Search Results

You are looking at 51 - 59 of 59 items for :

  • Langmuir circulation x
  • Journal of Atmospheric and Oceanic Technology x
  • Refine by Access: All Content x
Clear All
Jerome A. Smith

waves: Range and resolution. J. Atmos. Oceanic Technol. , 6 , 680 – 696 . 10.1175/1520-0426(1989)006<0680:DSASWR>2.0.CO;2 Smith, J. A. , 1998 : Evolution of Langmuir circulation during a storm. J. Geophys. Res. , 103 , 12649 – 12668 . 10.1029/97JC03611 Smith, J. A. , 1999 : Observations of wind, waves, and the mixed layer: The scaling of surface motion. The Wind-Driven Air–Sea Interface, M. L. Banner, Ed., University of New South Wales, 231–238 . Smith, J. A. , 2002 : The use of

Full access
David M. Farmer, Svein Vagle, and A. Donald Booth

-enhanced turbulence near the ocean surface. In the example shown here ( Fig. 16 ) the radius of the dominant bubble size increased from 80 to nearly 200 μ m in a few tens of seconds. As discussed by Thorpe (1982) , bubble size distributions depend in a subtle way on the supply from breaking waves, the turbulence and currents in the active near-surface zone, the dissolution of the primary gas constituents, and the advective effects of deeper coherent motions such as Langmuir circulation. Our results suggest the

Full access
David Farmer, Li Ding, Donald Booth, and Martin Lohmann

of bubble clouds organized by Langmuir circulation. J. Phys. Oceanogr , 25 , 1426 – 1440 . 10.1175/1520-0485(1995)025<1426:POBCOB>2.0.CO;2 Farmer, D. M. , Vagle S. , and Booth A. D. , 1998 : A free-flooding acoustical resonator for measurement of bubble size distributions. J. Atmos. Oceanic Technol , 15 , 1132 – 1146 . 10.1175/1520-0426(1998)015<1132:AFFARF>2.0.CO;2 Gemmrich, J. R. , and Farmer D. M. , 1999 : Near surface turbulence and thermal structure in a wind-driven sea

Full access
B. J. W. Greenan and N. S. Oakey

begins to sink. When this happens circulation begins around the main wing and lift is produced. As the vehicle starts to glide away from the ship, cable is paid out using a specialized winch–capstan handling system. The deck operator uses the capstan to feed out the cable so that the tether line remains loose. At the end of a run the cable is removed from the capstan and the winch is used to pull the glider back to the ship using a sheave block in the stern A-frame. When the glider returns to the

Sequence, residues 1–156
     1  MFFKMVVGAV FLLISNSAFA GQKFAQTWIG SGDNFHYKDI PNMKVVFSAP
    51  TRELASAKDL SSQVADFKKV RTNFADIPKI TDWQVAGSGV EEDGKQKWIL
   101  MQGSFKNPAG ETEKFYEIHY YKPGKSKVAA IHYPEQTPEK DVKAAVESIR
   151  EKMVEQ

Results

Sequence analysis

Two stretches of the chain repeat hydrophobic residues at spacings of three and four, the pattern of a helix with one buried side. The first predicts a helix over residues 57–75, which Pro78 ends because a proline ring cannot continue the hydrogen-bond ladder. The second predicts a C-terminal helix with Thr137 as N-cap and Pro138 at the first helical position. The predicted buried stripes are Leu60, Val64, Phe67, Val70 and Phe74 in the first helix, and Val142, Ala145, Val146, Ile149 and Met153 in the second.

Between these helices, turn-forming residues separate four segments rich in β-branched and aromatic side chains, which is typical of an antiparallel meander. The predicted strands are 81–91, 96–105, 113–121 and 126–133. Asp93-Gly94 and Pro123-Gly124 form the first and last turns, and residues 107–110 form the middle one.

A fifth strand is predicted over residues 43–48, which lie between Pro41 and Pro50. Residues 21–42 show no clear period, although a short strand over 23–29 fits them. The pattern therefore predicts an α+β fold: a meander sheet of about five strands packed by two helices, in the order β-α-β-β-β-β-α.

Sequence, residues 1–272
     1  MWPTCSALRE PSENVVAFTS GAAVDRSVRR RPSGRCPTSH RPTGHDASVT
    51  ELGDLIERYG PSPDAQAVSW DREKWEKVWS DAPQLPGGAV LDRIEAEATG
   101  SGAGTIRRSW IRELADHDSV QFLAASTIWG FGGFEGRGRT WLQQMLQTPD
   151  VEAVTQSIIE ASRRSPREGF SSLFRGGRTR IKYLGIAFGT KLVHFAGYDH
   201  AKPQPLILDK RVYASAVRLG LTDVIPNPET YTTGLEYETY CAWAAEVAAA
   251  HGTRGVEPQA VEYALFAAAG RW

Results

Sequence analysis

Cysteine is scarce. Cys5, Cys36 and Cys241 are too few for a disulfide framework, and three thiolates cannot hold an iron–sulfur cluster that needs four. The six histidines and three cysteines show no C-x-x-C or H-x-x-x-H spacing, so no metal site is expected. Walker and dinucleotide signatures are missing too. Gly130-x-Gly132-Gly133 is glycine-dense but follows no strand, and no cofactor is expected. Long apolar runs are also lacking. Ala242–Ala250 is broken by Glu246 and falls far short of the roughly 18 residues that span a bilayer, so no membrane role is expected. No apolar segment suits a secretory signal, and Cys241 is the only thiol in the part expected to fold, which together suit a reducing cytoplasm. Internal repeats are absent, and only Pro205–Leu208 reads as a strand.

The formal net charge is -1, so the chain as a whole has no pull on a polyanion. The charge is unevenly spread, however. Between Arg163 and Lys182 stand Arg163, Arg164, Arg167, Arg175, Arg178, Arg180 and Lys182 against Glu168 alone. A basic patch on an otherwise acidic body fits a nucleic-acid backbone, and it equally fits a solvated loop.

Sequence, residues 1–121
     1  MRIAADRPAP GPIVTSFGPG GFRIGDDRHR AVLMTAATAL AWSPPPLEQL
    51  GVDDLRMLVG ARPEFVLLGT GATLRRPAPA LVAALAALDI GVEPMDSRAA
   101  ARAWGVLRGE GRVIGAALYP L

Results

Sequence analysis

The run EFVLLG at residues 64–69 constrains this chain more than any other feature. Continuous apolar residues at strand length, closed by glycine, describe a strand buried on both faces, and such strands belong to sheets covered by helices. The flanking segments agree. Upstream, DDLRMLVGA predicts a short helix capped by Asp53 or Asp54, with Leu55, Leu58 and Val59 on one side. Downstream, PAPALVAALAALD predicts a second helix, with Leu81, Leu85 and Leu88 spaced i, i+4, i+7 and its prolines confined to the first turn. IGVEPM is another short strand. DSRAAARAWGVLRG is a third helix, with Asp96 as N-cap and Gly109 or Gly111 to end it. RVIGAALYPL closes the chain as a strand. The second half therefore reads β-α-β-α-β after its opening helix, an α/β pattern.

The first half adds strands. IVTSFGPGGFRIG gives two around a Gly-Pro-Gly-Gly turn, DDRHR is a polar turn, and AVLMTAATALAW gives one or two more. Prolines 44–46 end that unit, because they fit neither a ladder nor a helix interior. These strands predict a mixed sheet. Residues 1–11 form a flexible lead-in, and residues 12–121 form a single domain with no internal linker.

Full access
Eric Lamarre and W. K. Melville

associated with breaking waves. Nature, 356, 694-696. Wood, A. B., 1941: A Textbook of Sound. G. Bell &amp; Sons, 578 pp. Woolf, D. K., and S. A. Thorpe, 1991: Bubbles and the air-sea ex change of gases in near-saturation conditions. J. Mar. Res., 49, 435-466. Zedel, L., and D. Farmer, 1991: Organized structures in subsurface bubble clouds: Langmuir circulation in the open ocean. J. Geo phys. Res., 96, 8889-8900.

Full access
Walt McKeown and Richard Leighton

interface. A weak wind (<0.1 m s −1 ) was applied to draw away the evaporated water and to induce a slight circulation, which minimized thermoclines. The difference of each image’s ADU values gave DADU variation with time. Combined with heat flux from the thermistors Q ( t ), this allows calculation of the Q (DADU) relationship. After covering a range of several degrees kelvin and several hundred W m −2 , the water was rewarmed to the midpoint of the temperature range and a simple paddle

Full access
R. Pinkel and J. A. Smith

environmental conditions. Since 1988 we have implemented coded transmissions in a number of field programs, including surfacewave experiments SWAPP and NOBS, arctic experiments CEAREX and pre-LEADS, and the many intervening test trips. Surface waves, Langmuir circulation, internal waves, and other upper-ocean phenomena have been measured. We find the codes to improveperformance reliably, even in the face of severe environmental distortion. As repeat sequence codes, orequivalents, become more widely used

Full access
J. P. Boyle

be maintained in the conductive sublayer for reasonable time periods. It is believed the relatively long flux-plate recovery time is due to reestablishment of the conductive sublayer around the flux plates/fiberglass mesh after its disruption. During several legs with wind speeds greater than approximately 4 m s −1 , foam generated by breaking waves and concentrated in windrows by Langmuir circulation frequently covered the flux plates and submergence sensor. Figure 5 shows typical effects of

Full access
Angelique C. Haza, Tamay M. Özgökmen, Annalisa Griffa, Andrew C. Poje, and M.-Pascale Lelong

in section 5 . 2. Trajectory datasets a. Submesoscale-permitting ocean general circulation model HYCOM ° simulation is centered on the Gulf Stream and nested within a larger-scale ° North Atlantic simulation ( Fig. 1 ). The simulation is performed subject to atmospheric forcing based on monthly values from the 40-yr European Centre for Medium-Range Weather Forecasts (ECMWF) Re-Analysis, superimposed with 6-hourly anomalies from perpetual-year wind stress and wind speed data from the Navy

Full access